Can Women Be Brilliant? Some Young Girls Aren't So Sure

New research suggests that girls, starting at age 6, are less likely than boys to believe their own gender is "really, really smart."
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Can Women Be Brilliant? Some Young Girls Aren't So Sure

Gender stereotypes may affect girls as early as the first grade.

A recent study found that girls, starting at age 6, are less likely than boys to believe their own gender is "really, really smart."

They're also more likely than boys to shy away from activities "for children who are really, really smart."

One of the study's authors told Mashable, "We found it surprising, and also very heartbreaking, that even kids at such a young age have learned these stereotypes."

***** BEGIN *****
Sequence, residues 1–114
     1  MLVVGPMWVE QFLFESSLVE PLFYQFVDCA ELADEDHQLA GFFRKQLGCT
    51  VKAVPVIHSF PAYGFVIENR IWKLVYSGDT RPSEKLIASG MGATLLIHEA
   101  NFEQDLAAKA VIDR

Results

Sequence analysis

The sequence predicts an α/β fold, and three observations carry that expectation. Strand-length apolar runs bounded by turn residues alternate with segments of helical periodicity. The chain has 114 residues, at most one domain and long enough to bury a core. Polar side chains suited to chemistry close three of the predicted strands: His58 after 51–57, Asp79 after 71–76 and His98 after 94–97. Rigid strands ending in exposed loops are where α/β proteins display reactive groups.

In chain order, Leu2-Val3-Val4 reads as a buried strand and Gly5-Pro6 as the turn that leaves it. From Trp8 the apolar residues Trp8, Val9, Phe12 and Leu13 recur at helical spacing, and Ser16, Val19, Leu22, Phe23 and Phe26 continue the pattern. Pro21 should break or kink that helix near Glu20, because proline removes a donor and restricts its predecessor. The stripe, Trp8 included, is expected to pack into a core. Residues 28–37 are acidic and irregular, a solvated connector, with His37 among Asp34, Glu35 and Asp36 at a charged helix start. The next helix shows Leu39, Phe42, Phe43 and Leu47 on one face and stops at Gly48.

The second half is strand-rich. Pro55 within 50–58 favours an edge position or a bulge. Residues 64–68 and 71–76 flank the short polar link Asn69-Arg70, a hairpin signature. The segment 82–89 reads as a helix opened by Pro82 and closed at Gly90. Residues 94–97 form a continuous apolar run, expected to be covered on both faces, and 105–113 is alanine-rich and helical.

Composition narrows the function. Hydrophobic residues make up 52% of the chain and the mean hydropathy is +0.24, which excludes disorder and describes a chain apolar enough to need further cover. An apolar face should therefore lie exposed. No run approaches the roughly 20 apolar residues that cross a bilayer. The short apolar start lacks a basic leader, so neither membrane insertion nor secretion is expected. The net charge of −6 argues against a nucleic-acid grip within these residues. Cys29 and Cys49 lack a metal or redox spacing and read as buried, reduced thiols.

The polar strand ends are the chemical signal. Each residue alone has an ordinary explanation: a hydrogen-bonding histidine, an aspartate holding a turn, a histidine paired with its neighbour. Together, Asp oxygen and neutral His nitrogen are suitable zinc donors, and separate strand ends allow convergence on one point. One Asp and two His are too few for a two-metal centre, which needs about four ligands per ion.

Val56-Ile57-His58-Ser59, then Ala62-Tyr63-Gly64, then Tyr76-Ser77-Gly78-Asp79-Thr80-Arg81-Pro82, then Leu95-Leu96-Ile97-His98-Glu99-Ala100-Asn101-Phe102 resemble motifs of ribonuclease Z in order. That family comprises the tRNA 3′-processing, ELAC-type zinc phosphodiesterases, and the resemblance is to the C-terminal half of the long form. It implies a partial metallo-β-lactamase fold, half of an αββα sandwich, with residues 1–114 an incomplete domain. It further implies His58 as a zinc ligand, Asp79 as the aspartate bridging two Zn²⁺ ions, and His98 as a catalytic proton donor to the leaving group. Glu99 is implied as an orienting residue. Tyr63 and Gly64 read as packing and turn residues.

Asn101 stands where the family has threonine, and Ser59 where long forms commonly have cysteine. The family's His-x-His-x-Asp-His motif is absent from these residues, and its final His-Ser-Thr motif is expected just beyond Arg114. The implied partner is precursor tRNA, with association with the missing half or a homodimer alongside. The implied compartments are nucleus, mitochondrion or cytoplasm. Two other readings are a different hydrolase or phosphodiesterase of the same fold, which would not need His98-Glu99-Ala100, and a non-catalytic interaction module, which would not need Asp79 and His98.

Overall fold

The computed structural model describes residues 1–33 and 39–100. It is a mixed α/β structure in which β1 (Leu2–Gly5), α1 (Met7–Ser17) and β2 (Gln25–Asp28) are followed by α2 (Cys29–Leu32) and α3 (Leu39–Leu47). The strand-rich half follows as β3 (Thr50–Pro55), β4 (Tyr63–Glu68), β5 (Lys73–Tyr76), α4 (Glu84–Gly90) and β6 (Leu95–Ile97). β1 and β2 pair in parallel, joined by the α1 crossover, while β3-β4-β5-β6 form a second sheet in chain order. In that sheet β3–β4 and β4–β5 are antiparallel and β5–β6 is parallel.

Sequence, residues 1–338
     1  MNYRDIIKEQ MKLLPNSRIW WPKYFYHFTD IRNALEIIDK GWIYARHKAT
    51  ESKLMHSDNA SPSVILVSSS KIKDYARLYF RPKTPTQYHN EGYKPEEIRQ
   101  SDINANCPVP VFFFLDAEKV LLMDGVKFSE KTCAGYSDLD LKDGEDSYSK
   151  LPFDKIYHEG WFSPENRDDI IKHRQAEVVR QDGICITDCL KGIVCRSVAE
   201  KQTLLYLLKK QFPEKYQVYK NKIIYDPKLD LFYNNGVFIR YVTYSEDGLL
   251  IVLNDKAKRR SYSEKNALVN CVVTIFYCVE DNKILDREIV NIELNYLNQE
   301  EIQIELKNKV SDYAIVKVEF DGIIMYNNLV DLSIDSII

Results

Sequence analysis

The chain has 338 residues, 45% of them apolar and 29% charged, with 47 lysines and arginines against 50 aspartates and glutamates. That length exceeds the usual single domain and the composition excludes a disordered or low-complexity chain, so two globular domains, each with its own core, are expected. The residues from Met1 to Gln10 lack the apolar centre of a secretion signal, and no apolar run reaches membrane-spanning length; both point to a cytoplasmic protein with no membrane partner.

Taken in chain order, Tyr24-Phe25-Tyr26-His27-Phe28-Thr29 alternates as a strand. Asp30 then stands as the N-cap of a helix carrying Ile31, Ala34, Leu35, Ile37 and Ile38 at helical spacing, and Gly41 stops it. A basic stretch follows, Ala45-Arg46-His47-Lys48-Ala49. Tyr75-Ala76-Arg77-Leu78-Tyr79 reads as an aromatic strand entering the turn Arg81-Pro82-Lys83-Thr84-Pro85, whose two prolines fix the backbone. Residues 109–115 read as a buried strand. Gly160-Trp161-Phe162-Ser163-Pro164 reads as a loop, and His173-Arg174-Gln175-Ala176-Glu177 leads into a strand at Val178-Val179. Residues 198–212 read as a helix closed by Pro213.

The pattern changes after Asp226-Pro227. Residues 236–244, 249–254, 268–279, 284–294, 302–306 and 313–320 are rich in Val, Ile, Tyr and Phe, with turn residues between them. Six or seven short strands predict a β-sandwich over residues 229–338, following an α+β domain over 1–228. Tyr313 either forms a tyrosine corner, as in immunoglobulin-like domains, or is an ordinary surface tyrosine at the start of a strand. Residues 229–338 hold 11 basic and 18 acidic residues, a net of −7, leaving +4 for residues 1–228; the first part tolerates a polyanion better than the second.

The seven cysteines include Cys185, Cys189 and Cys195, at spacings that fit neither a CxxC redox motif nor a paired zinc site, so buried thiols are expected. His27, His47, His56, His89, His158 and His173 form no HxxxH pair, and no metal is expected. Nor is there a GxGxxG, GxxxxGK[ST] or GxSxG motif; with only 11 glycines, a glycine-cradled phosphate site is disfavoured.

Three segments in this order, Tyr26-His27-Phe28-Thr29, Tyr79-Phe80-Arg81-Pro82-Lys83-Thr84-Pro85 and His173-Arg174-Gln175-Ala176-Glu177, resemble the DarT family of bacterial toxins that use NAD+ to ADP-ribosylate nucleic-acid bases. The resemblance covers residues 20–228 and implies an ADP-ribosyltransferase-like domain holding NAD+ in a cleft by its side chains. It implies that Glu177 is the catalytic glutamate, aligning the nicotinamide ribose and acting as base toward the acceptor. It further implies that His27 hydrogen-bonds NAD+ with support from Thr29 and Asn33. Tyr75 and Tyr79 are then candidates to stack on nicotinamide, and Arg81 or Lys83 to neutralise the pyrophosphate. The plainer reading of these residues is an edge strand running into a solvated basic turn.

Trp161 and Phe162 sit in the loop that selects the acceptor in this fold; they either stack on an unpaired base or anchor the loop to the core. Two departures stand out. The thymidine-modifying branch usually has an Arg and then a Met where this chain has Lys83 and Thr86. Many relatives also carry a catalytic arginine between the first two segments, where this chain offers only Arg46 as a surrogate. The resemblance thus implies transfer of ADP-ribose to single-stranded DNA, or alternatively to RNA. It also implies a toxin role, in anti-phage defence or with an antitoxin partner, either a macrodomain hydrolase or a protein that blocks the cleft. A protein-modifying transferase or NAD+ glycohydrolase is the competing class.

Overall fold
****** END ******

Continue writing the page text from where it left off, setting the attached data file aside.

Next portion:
Interestingly, researchers discovered this type of thinking isn't present in 5-year-olds but rapidly develops by ages 6 and 7.

More importantly, researchers believe these stereotypes could be discouraging young women from pursuing careers in science, technology, engineering and mathematics, also known as the STEM fields.

That's a big problem, considering men outnumber women in many of those fields.

It's unclear exactly where these stereotypes come from. Researchers say they believe the usual suspects — parents, teachers, peers and marketing — play a role in forming them.

And they're still trying to figure out how to correct them. In the meantime, scientists recommend teaching young girls that hard work is the key ingredient to success, not a genetic stroke of luck.

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